NBA Draft Trends: The luck of the lottery in the modern era
Which NBA franchises have had the most luck over the years? The worst?
Tuesday night marked the 20th year the NBA held its annual lottery using the same formula and odds for all teams involved.
The two-decade anniversary triggered a thought: Which teams have had the most luck of the draw since 1994? Though the NBA went to its "weighted" lottery process in 1990, the number of balls/odds that teams get was adjusted in 1994 to a 25-percent chance for the worst record.
The sliding scale that's been in place goes as such:
Worst record: 25.0 percent
Second-worst record: 19.9 percent
Third-worst record: 15.6 percent
And so on.
So in that time, here's how the NBA's bingo bin of luck has played out for teams involved. The data below does not factor in trades post-lottery. They are purely based on where teams were slotted the night of the selection and a team's correspondence to that pick.
First, you should know that every team has been in the lottery at least once in the past 20 years. Even San Antonio -- who used that one and only showing to get the No. 1 pick and select Tim Duncan. Ridiculous.
You'll notice that of the five most recurring teams in the lottery, the only team this year that failed to make the playoffs was the Timberwolves. And wouldn't you know, the Timberwolves have been the star-crossed franchise since 1994.
Look at this chart. It measures where a team "should" get its lottery pick according to the percentages. But sometimes you luck out and get a higher pick -- like Cleveland as of late -- and sometimes you drop because others in the bin have their number beat the odds.
No team has been unluckier than Minnesota, picking a collective nine spots lower than the expectation of their picks over the years. While you'd expect Cleveland to be near the top, they are, but not top-four. On the opposite end, Donald Sterling's Clippers have been the luckiest. Three teams -- the Pacers, Grizzlies and Hawks -- are even-stevens.
Now, in terms of earning the No. 1 pick, it's all Cleveland. And this doesn't even include the Cavs trading for the No. 1 spot in 1986 -- the only time the top spot in the draft has been traded away.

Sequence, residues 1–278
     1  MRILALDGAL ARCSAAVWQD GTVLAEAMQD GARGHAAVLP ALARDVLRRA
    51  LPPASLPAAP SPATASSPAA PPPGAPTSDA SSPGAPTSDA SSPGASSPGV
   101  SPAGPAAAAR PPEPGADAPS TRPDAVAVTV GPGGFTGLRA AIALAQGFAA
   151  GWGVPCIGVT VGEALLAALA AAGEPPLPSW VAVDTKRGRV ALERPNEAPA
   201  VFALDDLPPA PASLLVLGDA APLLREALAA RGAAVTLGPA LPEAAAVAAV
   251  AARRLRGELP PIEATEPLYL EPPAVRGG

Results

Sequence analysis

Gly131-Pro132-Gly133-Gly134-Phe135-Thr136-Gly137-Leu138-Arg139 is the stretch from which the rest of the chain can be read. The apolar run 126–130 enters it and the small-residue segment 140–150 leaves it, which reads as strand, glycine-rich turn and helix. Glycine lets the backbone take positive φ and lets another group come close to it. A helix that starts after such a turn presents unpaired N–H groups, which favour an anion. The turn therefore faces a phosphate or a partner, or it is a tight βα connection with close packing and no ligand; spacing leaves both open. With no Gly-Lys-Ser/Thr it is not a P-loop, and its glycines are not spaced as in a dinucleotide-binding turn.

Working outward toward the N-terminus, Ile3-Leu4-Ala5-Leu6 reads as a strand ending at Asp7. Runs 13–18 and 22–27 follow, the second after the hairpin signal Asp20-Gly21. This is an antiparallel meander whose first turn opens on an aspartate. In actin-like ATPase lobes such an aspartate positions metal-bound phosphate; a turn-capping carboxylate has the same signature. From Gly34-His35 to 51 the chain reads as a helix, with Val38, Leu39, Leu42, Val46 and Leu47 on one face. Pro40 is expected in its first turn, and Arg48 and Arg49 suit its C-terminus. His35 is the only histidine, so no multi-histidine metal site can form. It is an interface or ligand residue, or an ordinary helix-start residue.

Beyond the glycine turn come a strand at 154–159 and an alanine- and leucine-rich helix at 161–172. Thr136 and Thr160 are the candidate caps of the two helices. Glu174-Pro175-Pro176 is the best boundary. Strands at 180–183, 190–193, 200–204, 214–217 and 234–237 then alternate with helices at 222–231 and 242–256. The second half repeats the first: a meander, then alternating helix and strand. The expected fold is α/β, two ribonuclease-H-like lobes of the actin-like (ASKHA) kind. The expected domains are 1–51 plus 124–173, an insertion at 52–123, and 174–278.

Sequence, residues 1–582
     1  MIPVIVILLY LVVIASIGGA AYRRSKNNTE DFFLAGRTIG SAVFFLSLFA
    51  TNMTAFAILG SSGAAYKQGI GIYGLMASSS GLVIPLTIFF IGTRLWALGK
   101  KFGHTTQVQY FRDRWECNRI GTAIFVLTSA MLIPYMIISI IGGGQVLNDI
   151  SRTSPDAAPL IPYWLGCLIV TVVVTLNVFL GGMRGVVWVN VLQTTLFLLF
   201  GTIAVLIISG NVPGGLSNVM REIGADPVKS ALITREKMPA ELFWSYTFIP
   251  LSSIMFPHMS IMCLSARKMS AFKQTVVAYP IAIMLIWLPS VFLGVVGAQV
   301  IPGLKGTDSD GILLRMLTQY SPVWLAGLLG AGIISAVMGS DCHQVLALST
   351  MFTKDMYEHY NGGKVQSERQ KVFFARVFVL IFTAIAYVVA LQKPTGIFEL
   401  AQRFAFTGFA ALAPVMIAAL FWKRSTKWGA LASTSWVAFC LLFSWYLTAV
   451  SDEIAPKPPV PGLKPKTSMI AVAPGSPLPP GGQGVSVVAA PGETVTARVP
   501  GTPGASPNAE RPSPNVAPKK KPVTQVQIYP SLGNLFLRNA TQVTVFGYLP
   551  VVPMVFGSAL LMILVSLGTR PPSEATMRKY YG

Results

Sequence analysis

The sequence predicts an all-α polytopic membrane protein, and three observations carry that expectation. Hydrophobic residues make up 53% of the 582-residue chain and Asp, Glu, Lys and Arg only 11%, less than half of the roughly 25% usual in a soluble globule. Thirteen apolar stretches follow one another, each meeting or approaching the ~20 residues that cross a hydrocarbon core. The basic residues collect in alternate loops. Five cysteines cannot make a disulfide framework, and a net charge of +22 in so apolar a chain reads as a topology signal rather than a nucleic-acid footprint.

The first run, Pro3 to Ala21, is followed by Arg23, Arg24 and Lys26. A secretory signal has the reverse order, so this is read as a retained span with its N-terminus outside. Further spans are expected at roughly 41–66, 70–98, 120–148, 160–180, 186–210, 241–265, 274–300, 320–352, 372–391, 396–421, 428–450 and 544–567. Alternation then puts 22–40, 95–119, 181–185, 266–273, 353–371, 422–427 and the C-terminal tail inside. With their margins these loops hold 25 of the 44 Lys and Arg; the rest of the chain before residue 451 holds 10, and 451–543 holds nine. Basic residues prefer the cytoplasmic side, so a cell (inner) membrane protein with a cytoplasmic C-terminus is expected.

In terms of who gets that No. 1 overall pick, here's the 20-year progression of the pre-lottery odds. The higher the yellow dot, the greater the chance. The randomness of this process is trending "down," which means the better teams are ending up closer to the top of the draft board.
This pie chart looks at the top pick in a different way. It shows which team in the pre-lottery spot/forecast has wound up with the top pick. You want to be in that No. 3 spot. No. 5 comes in second. After that, the past 20 years have shown that having the worst record or the ninth-worst record has amounted to the same number of No. 1 picks.
Begs the question: Is this the best process for the NBA to continue using?
The last graph looks at the league as a whole. Where have all the teams averaged in lottery draw in the past 20 years? San Antonio has the highest spot, while Indiana has the lowest. The full data chart is listed below the graph.
|Team||Average lottery draw since 1994|
|San Antonio Spurs||1|
|Los Angeles Clippers||5.6|
|New Jersey/Brookyn Nets||6.5|
|New York Knicks||7.8|
|Portland Trail Blazers||7.9|
|Golden State Warriors||8|
|New Orleans Hornets/Pelicans||8.4|
|Seattle SuperSonics/OKC Thunder||8.5|
|Los Angeles Lakers||9|
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